The Windsor Faction, by D.J. Taylor

I received a free copy of this ebook to review on behalf of the publisher from NetGalley. It will be released 25 September 2013.

The Windsor Faction
Alternate histories hinge on one turning point, one moment when our history zigged and the other zagged. In D.J. Taylor's The Windsor Faction, that moment came in 1936 when Wallis Simpson died rather than caused the abdication crisis. Edward VIII, in this history, stayed king through 1939 and on, rather than his brother, George VI. In our history, Edward was a German sympathizer. (In fact, if you look him up on Wikipedia, you'll see a picture of him from 1937 with Hitler.) World War II was inevitable. You'd have to change more than Wallis Simpson's fate to change that. The Windsor Faction revolves around an attempt by some men in the British government who are definitely not the heads of state trying to negotiate peace with Germany before anyone actually starts fighting.

As I read this book, I was strongly reminded of Lord Darlington's similar efforts in Kazuo Ishiguro's The Remains of the Day. In that book, too, "amateur diplomats" with too little information about the actual situation in Europe try to stop war from completely breaking out. Most of The Windsor Faction takes place after September 1939, so if you know your history you already know that it's too late even in this alternate timeline because Germany has already taken the Sudetenland and invaded Poland.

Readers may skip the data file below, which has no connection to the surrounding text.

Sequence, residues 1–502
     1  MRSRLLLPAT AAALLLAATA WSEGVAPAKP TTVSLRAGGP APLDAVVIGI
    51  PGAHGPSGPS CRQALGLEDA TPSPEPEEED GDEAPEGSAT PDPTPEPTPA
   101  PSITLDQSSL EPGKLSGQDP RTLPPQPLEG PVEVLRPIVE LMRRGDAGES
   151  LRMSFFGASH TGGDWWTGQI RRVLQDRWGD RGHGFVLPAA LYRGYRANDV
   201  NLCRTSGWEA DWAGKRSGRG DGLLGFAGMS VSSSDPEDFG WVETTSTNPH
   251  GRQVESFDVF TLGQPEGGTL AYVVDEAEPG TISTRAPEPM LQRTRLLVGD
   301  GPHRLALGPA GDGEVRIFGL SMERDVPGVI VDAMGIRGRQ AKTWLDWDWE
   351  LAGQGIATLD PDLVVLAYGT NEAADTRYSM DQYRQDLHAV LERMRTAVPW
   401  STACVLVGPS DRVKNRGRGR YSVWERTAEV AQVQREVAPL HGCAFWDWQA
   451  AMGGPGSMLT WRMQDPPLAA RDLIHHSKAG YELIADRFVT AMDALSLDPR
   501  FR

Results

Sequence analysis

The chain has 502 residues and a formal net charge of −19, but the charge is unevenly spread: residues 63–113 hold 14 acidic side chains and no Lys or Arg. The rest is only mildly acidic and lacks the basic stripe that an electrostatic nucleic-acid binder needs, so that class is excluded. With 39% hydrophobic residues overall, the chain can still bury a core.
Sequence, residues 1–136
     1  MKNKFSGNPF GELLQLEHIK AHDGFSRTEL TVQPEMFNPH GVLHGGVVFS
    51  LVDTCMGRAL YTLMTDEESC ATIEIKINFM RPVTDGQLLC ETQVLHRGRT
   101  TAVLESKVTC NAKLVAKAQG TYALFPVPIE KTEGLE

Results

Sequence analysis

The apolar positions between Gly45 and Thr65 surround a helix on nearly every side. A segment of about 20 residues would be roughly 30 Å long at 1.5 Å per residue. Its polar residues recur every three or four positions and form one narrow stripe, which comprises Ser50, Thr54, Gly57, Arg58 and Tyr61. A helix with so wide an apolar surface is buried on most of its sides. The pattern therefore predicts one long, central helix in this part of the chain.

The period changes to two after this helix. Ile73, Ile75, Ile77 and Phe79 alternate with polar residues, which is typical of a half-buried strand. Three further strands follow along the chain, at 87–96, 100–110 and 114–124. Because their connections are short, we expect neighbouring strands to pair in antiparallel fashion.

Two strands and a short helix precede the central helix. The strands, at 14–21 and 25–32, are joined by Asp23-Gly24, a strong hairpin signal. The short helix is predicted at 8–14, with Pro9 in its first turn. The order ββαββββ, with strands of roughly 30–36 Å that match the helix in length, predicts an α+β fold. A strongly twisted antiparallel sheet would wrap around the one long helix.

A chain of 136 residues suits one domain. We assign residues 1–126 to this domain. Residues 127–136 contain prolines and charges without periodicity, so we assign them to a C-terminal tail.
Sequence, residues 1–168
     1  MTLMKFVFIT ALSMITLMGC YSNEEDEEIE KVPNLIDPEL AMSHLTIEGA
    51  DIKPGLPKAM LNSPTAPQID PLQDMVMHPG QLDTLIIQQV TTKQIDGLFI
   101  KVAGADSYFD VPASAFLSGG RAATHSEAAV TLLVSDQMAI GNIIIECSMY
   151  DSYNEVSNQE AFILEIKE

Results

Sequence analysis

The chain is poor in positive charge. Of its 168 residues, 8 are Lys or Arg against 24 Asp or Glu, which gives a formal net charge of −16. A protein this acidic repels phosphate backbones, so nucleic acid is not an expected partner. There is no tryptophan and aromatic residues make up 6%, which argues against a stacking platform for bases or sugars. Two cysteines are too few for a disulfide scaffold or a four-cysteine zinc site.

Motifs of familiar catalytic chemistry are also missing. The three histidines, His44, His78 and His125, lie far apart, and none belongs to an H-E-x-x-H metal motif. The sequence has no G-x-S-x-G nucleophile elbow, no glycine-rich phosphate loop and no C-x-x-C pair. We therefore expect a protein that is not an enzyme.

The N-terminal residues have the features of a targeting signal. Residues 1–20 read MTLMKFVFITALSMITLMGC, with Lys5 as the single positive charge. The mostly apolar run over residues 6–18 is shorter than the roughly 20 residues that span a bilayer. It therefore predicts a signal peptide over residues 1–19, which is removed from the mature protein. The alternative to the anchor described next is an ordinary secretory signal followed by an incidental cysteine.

The novel is narrated in turns by Cynthia Kirkpatrick, the daughter of returned ex-patriots from Ceylon (later Sri Lanka); Beverly Nichols, a writer; Rodney, an unfortunate bagman; and, sometimes, King Edward himself. None of them instigated the plot, but they all get caught up in it. For the first half, things move slowly as characters put other characters into position and the news from Europe worsens. In fact, there's a distinct sense of ennui from many of the characters as they try to keep their upper lips stiff. I started to wonder if that was all there was to this book, just subtext buried so deeply that only a Freudian psychoanalyst could dig it up. But the last third of the story changes everything from a tale of keeping calm and carrying on into a pretty good thriller. The ending is wonderful.

It's strange to read an alternate history that hews so closely actual history. I'm still a little puzzled about what to make of it. Why did the author choose to alter history? The story would have been believable without the premise.

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